Family of desert rodents, first used in 2011, return as mascots for AFC Asian Cup 2023 | Football News – Times of India

Family of desert rodents, first used in 2011, return as mascots for AFC Asian Cup 2023 | Football News – Times of India

PANAJI: India will find common opponent and mascots when they face the continent’s best teams at the AFC Asian Cup 2023 early next year.
India faced Australia at the Asian Cup in 2011 in Doha and will now open the latest campaign against the same opponents on January 13 in Qatar.
A familiar quintet of jerboas were announced as the official mascots of the AFC Asian Cup Qatar 2023 and India won’t be surprised.The family of fivedesert rodents are no strangers to the AFC Asian Cup, as they had made their debut when Qatar last hosted the competition in 2011. Now, Saboog, Tmbki, Freha, Zkriti and Traeneh are back to take the spotlight in the 18th edition of the showpiece.
India have qualified for back to back Asian Cups for the first time.
The mascots were unveiled to the public at the Barahat Msheireb, an open square in downtown Doha, with the Asian Cup kicking off on January 12 between hosts Qatar and Lebanon at the Lusail Stadium.
The mascots cast is led by Saboog, the blue-coloured son of the family whose name is derived from the commonly used term in Qatar to refer to the jerboa, or desert rodents. He is followed by the pink-coloured Freha, the eldest daughter of the family who is named after the Freha area in the north of Qatar. Third is Tmbki, the yellow-coloured younger son named after the Timbic region in Qatar’s east. The parents are Zkriti and Traeneh, the green-coloured father and purple-coloured mother respectively; the pair are named after Zikrit in Qatar’s west and Tranaa, to Qatar’s north.
The official mascots are the brainchild of Qatari artist Ahmed Al Maadheed, who wanted to attribute different characteristics to each mascot, akin to the different roles that players take on during a football match. He also wanted to create a set of characters that resemble a traditional household in Qatar that also pays tribute to all four corners of the country.
“From the very beginning, we wanted to do something that inspired families and young people to be a part of the Asian Cup,” Al Maadheed said. “We wanted to do dig deep into our rich ecological heritage and find an animal that could represent the best of what happens on the pitch and also in our daily lives, and that was the jerboa.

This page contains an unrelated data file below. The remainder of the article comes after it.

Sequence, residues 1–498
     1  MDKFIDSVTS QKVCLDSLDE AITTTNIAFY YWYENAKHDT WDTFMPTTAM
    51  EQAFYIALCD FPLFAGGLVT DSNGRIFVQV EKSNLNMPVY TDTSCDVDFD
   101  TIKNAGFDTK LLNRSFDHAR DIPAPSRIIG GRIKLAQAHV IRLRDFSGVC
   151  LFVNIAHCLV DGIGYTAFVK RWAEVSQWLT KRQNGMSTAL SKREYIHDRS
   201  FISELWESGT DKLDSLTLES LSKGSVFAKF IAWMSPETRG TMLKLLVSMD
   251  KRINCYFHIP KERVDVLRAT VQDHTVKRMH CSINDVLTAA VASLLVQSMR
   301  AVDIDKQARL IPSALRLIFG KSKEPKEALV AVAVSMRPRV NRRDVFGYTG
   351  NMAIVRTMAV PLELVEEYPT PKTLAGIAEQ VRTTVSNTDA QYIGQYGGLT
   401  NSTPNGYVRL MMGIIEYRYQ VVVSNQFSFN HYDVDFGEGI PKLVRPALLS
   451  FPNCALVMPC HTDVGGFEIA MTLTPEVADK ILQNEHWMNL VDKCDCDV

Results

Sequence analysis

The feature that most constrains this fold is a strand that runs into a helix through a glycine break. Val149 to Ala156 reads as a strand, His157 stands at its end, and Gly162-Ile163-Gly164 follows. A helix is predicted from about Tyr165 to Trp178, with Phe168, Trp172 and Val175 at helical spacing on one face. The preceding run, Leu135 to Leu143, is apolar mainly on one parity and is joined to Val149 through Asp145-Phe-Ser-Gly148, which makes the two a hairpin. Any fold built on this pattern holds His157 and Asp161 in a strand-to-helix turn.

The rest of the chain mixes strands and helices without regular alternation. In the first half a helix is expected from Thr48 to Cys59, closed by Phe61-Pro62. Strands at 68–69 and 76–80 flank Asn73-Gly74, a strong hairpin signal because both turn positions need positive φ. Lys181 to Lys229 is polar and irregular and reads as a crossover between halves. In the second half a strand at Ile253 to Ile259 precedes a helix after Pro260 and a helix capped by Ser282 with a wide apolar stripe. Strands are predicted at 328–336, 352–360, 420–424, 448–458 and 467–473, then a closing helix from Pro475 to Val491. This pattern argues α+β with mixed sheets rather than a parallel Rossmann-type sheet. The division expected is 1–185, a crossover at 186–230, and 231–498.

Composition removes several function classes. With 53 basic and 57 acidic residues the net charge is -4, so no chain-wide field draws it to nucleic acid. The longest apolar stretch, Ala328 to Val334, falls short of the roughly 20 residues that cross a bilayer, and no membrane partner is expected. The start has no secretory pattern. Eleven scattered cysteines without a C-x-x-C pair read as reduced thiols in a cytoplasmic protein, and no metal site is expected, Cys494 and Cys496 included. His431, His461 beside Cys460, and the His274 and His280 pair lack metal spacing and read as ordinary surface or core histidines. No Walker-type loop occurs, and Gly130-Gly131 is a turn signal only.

“We decided to present a family of jerboas, each with its own distinctive personality, as a way of acknowledging the importance of teamwork in football, but also acknowledging the importance of family life to societies in Qatar.”
The characters have been brought to life for the AFC Asian Cup through an anime-inspired animation.
From now, until the conclusion of the tournament on February 10, audiences will be treated to an animated work that invokes the nostalgia of iconic cartoons of the past. The animation was directed by Fahad Al Kuwari, with the song performed by Qatari artist Dana Al Meer and the legendary Tarek Al Arabi Tourgane.
“The mascots of the invoke wonderful memories from 2011, but also embody the excitement and energy of what will certainly be an amazing competition. The five characters are inspired by Qatar’s natural environment and present us with yet another wonderful opportunity to showcase our culture and heritage to football fans from around the world,” said Hassan Al Kuwari, marketing and communications executive director of the AFC Asian Cup Local Organising Committee (LOC).

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